Next Article in Journal
Bioactive Peptides from Muscle Sources: Meat and Fish
Previous Article in Journal
Metabolic Agents that Enhance ATP can Improve Cognitive Functioning: A Review of the Evidence for Glucose, Oxygen, Pyruvate, Creatine, and l-Carnitine
Previous Article in Special Issue
Reducing Sodium in Foods: The Effect on Flavor

Canadian Initiatives to Prevent Hypertension by Reducing Dietary Sodium

Departments of Medicine, Community Health Sciences, Pharmacology and Therapeutics, and Libin Cardiovascular Institute, University of Calgary, Calgary, Alberta T2N 4Z6, Canada
Canadian Stroke Network, 600 Peter Morand Crescent, Ottawa, Ontario K1G 5Z3, Canada
Department of Nutritional Sciences, University of Toronto, Toronto, Ontario M5S 3E2, Canada
Department of Health and Wellness, Nova Scotia PO Box 488, Halifax, Nova Scotia B3J 2R7, Canada
Ministry of Health, 1515 Blanshard St., Victoria, British Columbia V8W 3C8, Canada
Author to whom correspondence should be addressed.
Nutrients 2011, 3(8), 756-764;
Received: 1 July 2011 / Revised: 19 July 2011 / Accepted: 4 August 2011 / Published: 16 August 2011
(This article belongs to the Special Issue Dietary Salt and Human Health)
Hypertension is the leading risk for premature death in the world. High dietary sodium is an important contributor to increased blood pressure and is strongly associated with other important diseases (e.g., gastric cancer, calcium containing kidney stones, osteoporosis, asthma and obesity). The average dietary sodium intake in Canada is approximately 3400 mg/day. It is estimated that 30% of hypertension, more than 10% of cardiovascular events and 1.4 billion dollars/year in health care expenses are caused by this high level of intake in Canada. Since 2006, Canada has had a focused and evolving effort to reduce dietary sodium based on actions from Non Governmental Organizations (NGO), and Federal and Provincial/Territorial Government actions. NGOs initiated Canadian sodium reduction programs by developing a policy statement outlining the health issue and calling for governmental, NGO and industry action, developing and disseminating an extensive health care professional education program including resources for patient education, developing a public awareness campaign through extensive media releases and publications in the lay press. The Federal Government responded by striking a Intersectoral Sodium Work Group to develop recommendations on how to implement Canada’s dietary reference intake values for dietary sodium and by developing timelines and targets for foods to be reduced in sodium, assessing key research gaps with funding for targeted dietary sodium based research, developing plans for public education and for conducting evaluation of the program to reduce dietary sodium. While food regulation is a Federal Government responsibility Provincial and Territorial governments indicated reducing dietary sodium needed to be a priority. Federal and Provincial Ministers of Health have endorsed a target to reduce the average consumption of sodium to 2300 mg/day by 2016 and the Deputy Ministers of Health have tasked a joint committee to review the recommendations of the Sodium Work Group and report back to them. View Full-Text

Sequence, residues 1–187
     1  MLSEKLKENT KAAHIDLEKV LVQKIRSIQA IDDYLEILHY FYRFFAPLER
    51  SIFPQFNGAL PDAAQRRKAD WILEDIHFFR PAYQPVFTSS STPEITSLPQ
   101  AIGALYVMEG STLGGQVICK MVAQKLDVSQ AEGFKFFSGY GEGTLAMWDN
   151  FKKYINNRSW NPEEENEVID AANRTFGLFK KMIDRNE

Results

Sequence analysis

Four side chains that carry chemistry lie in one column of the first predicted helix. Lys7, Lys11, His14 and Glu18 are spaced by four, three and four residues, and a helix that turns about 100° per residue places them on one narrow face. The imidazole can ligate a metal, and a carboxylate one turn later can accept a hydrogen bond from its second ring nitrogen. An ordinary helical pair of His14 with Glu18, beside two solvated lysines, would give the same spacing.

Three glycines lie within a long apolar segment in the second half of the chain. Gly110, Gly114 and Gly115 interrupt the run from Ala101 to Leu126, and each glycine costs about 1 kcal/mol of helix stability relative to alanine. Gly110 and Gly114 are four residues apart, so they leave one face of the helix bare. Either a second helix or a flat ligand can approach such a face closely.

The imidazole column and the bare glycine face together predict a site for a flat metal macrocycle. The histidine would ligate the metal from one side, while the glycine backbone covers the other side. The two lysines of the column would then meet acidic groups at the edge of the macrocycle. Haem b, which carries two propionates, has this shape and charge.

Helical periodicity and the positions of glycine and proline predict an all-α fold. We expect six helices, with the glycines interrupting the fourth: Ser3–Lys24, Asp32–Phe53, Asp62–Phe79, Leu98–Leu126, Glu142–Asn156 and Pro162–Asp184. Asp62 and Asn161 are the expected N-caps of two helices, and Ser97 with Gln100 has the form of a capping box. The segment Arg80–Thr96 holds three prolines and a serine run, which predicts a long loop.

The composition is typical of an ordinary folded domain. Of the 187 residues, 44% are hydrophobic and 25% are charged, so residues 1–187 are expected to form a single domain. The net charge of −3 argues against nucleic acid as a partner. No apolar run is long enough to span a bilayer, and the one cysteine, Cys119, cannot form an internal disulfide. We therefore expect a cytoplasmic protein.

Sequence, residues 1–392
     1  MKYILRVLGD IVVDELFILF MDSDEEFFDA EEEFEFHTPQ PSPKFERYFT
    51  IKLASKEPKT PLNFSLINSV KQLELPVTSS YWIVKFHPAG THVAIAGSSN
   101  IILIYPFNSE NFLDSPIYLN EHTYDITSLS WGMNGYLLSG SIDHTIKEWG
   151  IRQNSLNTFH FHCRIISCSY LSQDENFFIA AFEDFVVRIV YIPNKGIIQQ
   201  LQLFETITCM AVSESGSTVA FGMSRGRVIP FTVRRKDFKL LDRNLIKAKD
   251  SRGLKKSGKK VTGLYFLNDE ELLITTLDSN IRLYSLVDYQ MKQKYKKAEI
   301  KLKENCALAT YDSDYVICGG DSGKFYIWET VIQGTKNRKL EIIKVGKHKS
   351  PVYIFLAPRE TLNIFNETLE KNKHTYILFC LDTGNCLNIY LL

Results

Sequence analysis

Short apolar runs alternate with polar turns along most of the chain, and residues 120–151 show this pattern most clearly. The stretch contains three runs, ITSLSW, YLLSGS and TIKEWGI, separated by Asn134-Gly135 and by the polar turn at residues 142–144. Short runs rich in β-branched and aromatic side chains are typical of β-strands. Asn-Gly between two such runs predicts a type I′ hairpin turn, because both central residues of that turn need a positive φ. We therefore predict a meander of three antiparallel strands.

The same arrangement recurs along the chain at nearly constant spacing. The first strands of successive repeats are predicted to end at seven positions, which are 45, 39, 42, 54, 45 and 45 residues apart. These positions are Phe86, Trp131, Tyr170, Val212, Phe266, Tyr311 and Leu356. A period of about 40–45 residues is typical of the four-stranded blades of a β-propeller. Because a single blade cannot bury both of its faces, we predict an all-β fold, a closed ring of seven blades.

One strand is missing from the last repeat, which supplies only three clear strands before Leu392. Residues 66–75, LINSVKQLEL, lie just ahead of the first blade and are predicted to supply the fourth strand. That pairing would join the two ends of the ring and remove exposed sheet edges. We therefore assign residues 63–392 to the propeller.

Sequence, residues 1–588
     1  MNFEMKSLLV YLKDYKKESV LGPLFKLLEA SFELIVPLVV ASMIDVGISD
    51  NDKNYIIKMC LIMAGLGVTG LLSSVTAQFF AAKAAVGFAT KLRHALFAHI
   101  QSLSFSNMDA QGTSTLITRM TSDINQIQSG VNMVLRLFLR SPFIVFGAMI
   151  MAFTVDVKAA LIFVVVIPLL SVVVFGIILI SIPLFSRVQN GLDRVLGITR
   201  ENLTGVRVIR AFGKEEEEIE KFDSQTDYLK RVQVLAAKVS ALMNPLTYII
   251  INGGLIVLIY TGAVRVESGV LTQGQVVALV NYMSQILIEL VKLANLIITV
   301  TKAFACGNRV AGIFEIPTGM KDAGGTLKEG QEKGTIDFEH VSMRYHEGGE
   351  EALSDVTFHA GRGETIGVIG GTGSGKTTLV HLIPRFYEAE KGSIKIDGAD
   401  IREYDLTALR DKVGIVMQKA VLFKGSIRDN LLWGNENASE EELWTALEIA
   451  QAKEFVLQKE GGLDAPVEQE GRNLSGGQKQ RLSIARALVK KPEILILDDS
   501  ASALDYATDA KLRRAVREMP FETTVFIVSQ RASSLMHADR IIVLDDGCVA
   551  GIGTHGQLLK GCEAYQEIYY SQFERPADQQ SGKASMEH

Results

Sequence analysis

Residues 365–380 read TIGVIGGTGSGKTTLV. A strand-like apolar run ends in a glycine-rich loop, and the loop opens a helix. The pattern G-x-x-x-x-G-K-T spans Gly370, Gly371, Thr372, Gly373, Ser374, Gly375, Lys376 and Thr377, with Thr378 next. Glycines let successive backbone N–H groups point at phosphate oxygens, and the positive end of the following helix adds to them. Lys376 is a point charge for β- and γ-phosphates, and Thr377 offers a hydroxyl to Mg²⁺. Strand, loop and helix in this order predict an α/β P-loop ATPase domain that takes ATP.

Keywords: sodium; salt; hypertension; public health; nutrition; cardiovascular disease sodium; salt; hypertension; public health; nutrition; cardiovascular disease
MDPI and ACS Style

Campbell, N.R.C.; Willis, K.J.; L’Abbe, M.; Strang, R.; Young, E. Canadian Initiatives to Prevent Hypertension by Reducing Dietary Sodium. Nutrients 2011, 3, 756-764.

AMA Style

Campbell NRC, Willis KJ, L’Abbe M, Strang R, Young E. Canadian Initiatives to Prevent Hypertension by Reducing Dietary Sodium. Nutrients. 2011; 3(8):756-764.

Chicago/Turabian Style

Campbell, Norm R. C., Kevin J. Willis, Mary L’Abbe, Robert Strang, and Eric Young. 2011. "Canadian Initiatives to Prevent Hypertension by Reducing Dietary Sodium" Nutrients 3, no. 8: 756-764.

Find Other Styles

Article Access Map by Country/Region

Only visits after 24 November 2015 are recorded.
Back to TopTop